- Ungentle Goodnights: Life in a Home for Elderly and Disabled Naval Sailors and Marines and the Perilous Seafaring Careers That Brought Them There by Christopher McKee
Ungentle Goodnights is two books in one beautiful package. It is an institutional history of the United States Naval Asylum/Home. It is also a prosopography of many of the hundreds of U.S. Navy sailors and marines who lived there after long careers of active service. The beautiful hardcover package includes a lavish illustration of the asylum in the endpapers. In its beautiful endpapers, as well as the institutional history part of the book, Ungentle Goodnights evokes histories of the late nineteenth and early twentieth centuries. The prosopographical parts of the book are a "new military history" look at the lives of ordinary men who served in the U.S. Navy of the early American republic.
McKee uses records from the National Archives and the U.S. Naval Academy's Nimitz library to track down stories of the 541 men, sailors or marines, who entered the U.S. Naval Asylum between 1831 and 1865. Three quarters of these men died at the asylum. After the first four chapters, on which more later, each chapter centers around a theme and tells the story of a handful of the Asylum's "beneficiaries" whose lives relate to that theme. Themes include work at the Asylum, mental illness, alcoholism, discipline, departure from the Asylum, death, et cetera. McKee makes a case that tracing the lives of sailors and marines at the Asylum backwards from their time in the Asylum gives historians a better, more accurate understanding of the lived experiences of sailors and marines. He points out that sailors' autobiographies of the nineteenth century are liable to be either fake or exaggerated, and are in any case exceptional. The lives he focuses on, McKee argues, are more typical.
Readers get a sense of what "Jack Tar's" experience was in the late eighteenth and early nineteenth centuries. Through individual stories, readers learn of a navy force that is surprisingly international, with many sailors born somewhere in northern Europe. McKee also notes a large number of beneficiaries from the Mid-Atlantic states, and a large number who came to the Navy after stints as farmers, tanners, or some other career. McKee returns often to the stereotype of the "drunken sailor," finding that alcoholism was rampant among inmates at the Asylum. At [End Page 575] the same time, McKee finds that sailors and marines at the Asylum were not necessarily impoverished. Many left tidy savings at the ends of their lives. The strength of Ungentle Goodnights is the life stories of sailors and marines, who may have seen combat in the Quasi-War, the War of 1812, the Civil War, or who cruised the Atlantic and Pacific Oceans. Meticulously tracking down details, comparing them with the yarns spun by the retired sailors, McKee brings to light dozens of naval careers of ordinary seamen.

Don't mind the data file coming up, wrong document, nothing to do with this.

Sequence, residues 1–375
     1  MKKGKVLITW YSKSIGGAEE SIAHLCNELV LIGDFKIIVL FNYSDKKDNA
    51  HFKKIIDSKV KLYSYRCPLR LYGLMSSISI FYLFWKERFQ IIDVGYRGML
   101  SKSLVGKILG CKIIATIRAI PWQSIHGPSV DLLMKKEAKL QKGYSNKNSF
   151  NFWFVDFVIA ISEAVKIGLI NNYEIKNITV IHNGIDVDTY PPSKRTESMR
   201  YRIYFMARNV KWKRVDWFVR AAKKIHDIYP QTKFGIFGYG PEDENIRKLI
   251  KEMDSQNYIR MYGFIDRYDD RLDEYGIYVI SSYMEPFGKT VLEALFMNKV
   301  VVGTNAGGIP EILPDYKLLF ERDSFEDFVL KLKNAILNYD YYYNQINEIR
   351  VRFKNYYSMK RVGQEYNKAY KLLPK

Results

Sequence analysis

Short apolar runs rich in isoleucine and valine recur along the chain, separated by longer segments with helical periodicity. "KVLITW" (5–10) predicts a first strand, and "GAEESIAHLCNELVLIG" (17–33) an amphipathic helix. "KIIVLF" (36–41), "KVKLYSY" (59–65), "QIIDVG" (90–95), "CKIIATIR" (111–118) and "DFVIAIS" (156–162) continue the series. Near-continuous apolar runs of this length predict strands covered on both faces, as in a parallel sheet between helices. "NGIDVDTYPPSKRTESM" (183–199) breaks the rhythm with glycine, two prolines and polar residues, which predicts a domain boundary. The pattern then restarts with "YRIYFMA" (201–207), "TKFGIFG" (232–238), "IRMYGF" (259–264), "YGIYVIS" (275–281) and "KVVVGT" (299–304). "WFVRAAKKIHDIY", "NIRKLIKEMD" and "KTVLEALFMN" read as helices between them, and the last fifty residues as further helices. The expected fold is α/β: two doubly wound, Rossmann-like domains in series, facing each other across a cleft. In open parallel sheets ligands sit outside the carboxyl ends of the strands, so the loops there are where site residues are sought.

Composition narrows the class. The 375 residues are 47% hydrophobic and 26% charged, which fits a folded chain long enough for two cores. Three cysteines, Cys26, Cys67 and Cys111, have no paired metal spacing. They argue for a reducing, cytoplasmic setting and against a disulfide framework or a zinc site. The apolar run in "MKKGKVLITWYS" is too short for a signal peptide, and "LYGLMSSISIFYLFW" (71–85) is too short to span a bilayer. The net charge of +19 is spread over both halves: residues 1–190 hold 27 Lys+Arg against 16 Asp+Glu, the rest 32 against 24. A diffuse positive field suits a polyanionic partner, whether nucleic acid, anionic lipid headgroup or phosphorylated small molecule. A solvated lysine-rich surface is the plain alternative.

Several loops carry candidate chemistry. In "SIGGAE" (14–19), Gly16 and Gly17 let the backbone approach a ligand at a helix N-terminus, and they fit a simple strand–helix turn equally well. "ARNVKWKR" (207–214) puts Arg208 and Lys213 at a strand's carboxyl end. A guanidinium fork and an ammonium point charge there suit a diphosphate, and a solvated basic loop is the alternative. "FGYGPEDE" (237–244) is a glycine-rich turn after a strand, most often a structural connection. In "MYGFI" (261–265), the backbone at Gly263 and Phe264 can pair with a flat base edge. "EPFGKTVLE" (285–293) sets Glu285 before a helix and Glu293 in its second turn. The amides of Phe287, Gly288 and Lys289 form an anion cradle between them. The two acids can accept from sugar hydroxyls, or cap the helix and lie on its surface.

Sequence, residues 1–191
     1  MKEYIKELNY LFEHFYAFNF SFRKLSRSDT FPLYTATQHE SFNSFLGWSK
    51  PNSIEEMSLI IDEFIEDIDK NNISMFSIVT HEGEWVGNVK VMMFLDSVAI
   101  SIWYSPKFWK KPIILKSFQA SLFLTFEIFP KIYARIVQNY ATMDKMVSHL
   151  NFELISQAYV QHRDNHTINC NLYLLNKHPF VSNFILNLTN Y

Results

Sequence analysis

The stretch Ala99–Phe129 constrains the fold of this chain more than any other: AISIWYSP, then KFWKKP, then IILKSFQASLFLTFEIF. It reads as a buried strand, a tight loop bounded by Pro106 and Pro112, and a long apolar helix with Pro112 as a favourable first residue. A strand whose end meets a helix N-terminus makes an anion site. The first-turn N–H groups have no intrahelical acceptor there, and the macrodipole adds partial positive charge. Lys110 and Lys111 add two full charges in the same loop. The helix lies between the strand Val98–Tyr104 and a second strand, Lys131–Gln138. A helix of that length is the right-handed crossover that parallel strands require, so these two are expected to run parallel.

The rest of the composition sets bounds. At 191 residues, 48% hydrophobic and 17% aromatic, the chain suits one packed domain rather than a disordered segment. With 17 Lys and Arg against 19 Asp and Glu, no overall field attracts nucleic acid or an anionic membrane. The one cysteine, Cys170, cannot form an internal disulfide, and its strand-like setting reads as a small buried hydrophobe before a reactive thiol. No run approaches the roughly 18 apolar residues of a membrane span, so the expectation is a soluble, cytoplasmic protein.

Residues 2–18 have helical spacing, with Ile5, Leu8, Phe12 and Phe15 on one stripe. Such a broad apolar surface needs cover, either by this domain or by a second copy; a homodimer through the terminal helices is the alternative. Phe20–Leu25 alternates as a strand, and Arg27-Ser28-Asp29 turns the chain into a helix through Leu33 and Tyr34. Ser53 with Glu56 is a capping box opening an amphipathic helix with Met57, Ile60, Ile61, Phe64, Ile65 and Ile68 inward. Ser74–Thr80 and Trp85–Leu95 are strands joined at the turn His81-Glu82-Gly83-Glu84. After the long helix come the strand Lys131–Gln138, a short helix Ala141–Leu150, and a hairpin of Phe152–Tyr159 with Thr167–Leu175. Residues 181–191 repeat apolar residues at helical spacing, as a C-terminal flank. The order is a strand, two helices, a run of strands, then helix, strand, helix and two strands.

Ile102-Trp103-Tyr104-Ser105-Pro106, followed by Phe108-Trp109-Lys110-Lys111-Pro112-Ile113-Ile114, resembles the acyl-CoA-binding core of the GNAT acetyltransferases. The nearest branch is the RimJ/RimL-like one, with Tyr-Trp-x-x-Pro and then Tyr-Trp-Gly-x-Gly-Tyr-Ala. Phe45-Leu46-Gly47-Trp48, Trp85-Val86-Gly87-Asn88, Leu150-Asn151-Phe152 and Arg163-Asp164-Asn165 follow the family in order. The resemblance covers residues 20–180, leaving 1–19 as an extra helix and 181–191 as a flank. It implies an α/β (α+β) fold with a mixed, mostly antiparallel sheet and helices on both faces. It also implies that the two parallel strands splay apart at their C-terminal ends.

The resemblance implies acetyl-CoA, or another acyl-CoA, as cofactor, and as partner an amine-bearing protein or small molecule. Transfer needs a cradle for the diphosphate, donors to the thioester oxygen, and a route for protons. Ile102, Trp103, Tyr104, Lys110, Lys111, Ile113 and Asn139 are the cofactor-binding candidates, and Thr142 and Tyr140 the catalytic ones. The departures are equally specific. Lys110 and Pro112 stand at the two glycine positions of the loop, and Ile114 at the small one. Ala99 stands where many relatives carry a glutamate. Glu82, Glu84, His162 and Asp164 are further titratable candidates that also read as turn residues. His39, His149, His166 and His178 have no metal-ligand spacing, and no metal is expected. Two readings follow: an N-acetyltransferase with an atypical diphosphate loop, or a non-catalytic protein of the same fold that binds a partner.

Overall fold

But how typical are these lives? It must be noted how the beneficiaries are exceptional. They survived Navy service, though sometimes with grievous wounds. They chose to live at the Asylum in lieu of receiving a pension. Does that skew the sample toward the foreign-born, those with less living family, or those from the Mid-Atlantic? Also, the stories that are best documented are the most sensational: Stories of drunken escapades, escapes, or violence loom large in Ungentle Goodnights. Stories of sober, quiet beneficiaries at the Asylum shrink into the shadows in this telling.
There are some missed opportunities in Ungentle Goodnights, particularly in the institutional history parts of the book. The first four chapters, the fifteenth chapter, and the epilogue are more a history of the U.S. Naval Asylum than of the men inside of it. At a number of points, it would make sense to compare the U.S. Naval Asylum and its "beneficiaries" to similar institutions and inmates of...